AF is the most common sustained cardiac rhythm disorder and affects approximately 750,000 people in the United Kingdom . People with AF are at a five-fold increased risk of stroke, and it is a major cause of the 150,000 strokes in the United Kingdom each year[2,3]. An irregular heartbeat makes AF patients vulnerable to the formation of a blood clot in the atria, which can travel to the brain. Strokes cause damage to the brain, and can lead to physical and behavioral impairment, or even death.
DVT is the formation of a blood clot in a deep vein that partially or totally blocks blood flow. In the United Kingdom, it is estimated that one in every 1,000 people are affected by venous thrombosis each year. Of those, some have pre-existing risk factors including serious illness or major surgery (provoked DVT), but a number of patients will have no known pre-existing risk factors and can develop apparently spontaneous events (unprovoked DVT).
The majority of patients suffering from a venous blood clot will experience a DVT alone. However, DVT can progress to become a potentially fatal PE if the blood clot breaks apart and travels to the lungs, ultimately blocking a blood vessel there. Even in the absence of a PE, DVT alone can have devastating and costly consequences such as post-thrombotic syndrome and an increased risk of recurring blood clots. Thus the achievement of treatment goals is critically important. The current treatment standard for DVT is the dual-drug approach of low molecular weight heparin administered by subcutaneous injection, with a VKA.
About Xarelto (Rivaroxaban)
Rivaroxaban was discovered in Bayer HealthCare's Pharmaceuticals' Wuppertal laboratories in Germany, and is being jointly developed by Bayer HealthCare Pharmaceuticals and Johnson & Johnson Pharmaceutical Research & Development, L.L.C.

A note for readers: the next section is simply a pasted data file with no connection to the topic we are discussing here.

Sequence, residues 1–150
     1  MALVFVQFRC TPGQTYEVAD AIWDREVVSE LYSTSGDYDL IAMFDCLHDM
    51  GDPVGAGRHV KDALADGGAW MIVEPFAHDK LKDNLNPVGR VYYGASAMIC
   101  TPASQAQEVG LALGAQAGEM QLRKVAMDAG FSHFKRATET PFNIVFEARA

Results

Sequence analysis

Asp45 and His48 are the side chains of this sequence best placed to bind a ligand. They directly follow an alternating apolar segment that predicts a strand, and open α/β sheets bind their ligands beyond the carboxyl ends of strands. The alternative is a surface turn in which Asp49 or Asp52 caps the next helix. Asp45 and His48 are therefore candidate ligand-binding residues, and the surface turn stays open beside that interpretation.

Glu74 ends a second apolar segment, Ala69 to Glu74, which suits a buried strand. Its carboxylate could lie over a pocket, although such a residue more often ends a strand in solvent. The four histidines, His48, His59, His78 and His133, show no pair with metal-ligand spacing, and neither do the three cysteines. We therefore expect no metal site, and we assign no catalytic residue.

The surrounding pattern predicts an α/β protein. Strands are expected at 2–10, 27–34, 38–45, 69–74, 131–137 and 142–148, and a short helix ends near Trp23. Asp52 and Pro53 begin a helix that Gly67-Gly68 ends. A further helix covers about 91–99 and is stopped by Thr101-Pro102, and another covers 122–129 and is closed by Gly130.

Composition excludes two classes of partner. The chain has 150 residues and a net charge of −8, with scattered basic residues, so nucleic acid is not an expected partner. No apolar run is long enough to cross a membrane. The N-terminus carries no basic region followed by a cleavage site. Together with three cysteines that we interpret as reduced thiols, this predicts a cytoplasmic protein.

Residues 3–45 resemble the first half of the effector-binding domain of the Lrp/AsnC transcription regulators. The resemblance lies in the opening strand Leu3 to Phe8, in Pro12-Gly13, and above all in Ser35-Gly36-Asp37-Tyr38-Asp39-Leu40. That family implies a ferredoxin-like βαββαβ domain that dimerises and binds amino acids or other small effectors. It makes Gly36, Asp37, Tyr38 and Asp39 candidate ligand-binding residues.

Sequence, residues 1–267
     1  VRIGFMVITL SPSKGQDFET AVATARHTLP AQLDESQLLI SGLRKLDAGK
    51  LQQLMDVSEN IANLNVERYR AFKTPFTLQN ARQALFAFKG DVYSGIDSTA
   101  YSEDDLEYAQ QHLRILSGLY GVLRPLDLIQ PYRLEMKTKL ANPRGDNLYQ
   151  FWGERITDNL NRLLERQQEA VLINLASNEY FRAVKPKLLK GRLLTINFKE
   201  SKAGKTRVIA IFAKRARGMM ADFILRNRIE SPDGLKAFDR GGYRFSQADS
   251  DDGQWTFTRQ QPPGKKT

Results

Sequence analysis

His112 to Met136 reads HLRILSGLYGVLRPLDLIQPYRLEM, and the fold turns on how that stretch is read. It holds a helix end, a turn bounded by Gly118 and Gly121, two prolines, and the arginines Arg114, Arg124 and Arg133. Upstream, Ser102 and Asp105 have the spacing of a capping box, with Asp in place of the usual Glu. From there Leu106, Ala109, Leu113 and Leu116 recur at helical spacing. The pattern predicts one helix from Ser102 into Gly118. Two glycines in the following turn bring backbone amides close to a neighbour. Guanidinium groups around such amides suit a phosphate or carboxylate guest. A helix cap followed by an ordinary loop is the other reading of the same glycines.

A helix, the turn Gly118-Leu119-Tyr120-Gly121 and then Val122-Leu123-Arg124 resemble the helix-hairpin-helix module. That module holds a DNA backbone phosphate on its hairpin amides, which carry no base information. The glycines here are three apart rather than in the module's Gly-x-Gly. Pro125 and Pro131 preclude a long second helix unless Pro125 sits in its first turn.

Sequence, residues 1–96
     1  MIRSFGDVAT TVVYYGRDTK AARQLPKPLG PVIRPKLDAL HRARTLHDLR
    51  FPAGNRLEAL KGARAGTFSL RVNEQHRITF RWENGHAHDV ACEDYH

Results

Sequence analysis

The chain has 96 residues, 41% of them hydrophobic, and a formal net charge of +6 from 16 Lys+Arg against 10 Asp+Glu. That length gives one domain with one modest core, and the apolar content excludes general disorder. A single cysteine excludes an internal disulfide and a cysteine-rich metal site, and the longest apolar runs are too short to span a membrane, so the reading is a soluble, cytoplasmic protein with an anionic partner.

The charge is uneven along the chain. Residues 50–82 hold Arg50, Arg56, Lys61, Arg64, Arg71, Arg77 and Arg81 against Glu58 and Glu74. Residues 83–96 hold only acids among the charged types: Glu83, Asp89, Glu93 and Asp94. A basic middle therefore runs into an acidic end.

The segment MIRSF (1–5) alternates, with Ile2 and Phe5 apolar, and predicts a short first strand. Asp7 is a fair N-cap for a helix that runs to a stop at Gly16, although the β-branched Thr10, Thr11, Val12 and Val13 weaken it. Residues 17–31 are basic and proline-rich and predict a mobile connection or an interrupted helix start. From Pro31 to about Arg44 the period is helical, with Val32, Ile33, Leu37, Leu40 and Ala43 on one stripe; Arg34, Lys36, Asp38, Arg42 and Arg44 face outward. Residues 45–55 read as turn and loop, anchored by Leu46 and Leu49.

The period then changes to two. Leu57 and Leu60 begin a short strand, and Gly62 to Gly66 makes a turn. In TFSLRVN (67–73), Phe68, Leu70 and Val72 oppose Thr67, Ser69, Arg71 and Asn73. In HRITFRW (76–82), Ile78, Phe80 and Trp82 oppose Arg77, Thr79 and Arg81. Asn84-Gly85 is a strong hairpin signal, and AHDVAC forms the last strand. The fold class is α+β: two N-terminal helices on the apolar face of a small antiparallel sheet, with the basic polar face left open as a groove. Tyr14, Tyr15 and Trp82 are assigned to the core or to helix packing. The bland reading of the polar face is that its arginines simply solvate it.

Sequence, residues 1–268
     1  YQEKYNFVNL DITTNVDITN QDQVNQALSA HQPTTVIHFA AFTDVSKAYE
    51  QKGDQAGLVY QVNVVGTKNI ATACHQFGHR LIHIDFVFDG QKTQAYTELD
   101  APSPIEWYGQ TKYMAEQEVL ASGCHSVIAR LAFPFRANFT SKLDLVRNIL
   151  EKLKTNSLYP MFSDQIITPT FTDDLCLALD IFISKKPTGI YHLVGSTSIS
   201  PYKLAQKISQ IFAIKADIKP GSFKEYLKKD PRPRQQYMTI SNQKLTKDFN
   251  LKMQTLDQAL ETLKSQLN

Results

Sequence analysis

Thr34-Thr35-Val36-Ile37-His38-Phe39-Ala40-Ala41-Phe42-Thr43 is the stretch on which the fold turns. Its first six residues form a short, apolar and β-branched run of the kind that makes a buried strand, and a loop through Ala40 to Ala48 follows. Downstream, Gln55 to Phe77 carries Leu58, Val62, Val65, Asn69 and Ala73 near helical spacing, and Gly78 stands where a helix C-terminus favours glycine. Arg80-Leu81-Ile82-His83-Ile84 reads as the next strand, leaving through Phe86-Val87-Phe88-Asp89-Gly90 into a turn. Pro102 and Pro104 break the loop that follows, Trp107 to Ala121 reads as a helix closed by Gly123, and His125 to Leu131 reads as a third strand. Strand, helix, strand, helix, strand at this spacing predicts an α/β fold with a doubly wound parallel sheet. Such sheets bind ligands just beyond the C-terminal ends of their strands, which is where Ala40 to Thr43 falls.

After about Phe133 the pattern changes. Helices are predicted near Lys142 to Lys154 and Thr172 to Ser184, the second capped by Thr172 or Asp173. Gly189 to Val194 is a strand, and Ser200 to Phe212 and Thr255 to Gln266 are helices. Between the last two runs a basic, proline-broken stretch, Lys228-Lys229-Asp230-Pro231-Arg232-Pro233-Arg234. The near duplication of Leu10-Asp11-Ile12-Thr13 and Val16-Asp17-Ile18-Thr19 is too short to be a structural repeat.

The drug is marketed under the brand name Xarelto for VTE prevention in adult patients following elective hip or knee replacement surgery. Rivaroxaban is approved in more than 110 countries worldwide and to date has been successfully launched in more than 85 countries by Bayer HealthCare Pharmaceuticals in this indication. In the U.S., where rivaroxaban was successfully launched in July 2011, Janssen Pharmaceuticals, Inc. (a Johnson & Johnson Company) holds marketing rights for rivaroxaban. The Bayer HealthCare Pharmaceuticals sales force is supporting the Janssen Pharmaceuticals, Inc. in designated hospital accounts.
The ROCKET AF study compared once daily rivaroxaban with dose adjusted warfarin in 14,264 patients with non-valvular AF who were at risk for stroke or non-CNS systemic embolism. In EINSTEIN DVT patients with acute DVT taking rivaroxaban 15mg twice daily for 3 weeks followed by 20mg were compared with initial enoxaparin treatment followed by warfarin. The ROCKET study demonstrated that rivaroxaban was non-inferior to warfarin in prevention of stroke in non valvular AF, and EINSTEIN showed that rivaroxaban was non-inferior to enoxaparin and warfarin in recurrence of symptomatic blood clots in patients with DVT. Rivaroxaban demonstrated a well tolerated safety profile in the studies[5,6].
1. Bayer IMS Data on File, 2011.
2. Atrial Fibrillation, The Stroke Association, December 2010
3. The Stroke Association: Facts and Figures about Stroke: Available at: http://www.stroke.org.uk/media_centre/facts_and_figures/index.html. Last accessed: 9 December 2011
4. Venous Thrombosis: Lifeblood, the Thrombosis Charity, 2011
5. Patel, et al. Rivaroxaban versus warfarin in nonvalvular atrial fibrillation. N.Engl.J.Med 2011; 365 (10) 883-91
6. Bauersachs et al. Oral rivaroxaban for symptomatic venous thromboembolism. N.Engl.J.Med. 2010; 363 (26) 2499-2510